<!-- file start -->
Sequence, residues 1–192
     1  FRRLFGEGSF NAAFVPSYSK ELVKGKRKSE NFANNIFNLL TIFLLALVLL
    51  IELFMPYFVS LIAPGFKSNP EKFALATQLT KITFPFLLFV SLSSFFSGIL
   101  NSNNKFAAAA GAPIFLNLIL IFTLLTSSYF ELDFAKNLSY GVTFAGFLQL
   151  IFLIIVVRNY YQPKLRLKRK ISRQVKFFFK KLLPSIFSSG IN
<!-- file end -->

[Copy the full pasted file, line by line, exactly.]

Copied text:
Sequence, residues 1–192
     1  FRRLFGEGSF NAAFVPSYSK ELVKGKRKSE NFANNIFNLL TIFLLALVLL
    51  IELFMPYFVS LIAPGFKSNP EKFALATQLT KITFPFLLFV SLSSFFSGIL
   101  NSNNKFAAAA GAPIFLNLIL IFTLLTSSYF ELDFAKNLSY GVTFAGFLQL
   151  IFLIIVVRNY YQPKLRLKRK ISRQVKFFFK KLLPSIFSSG IN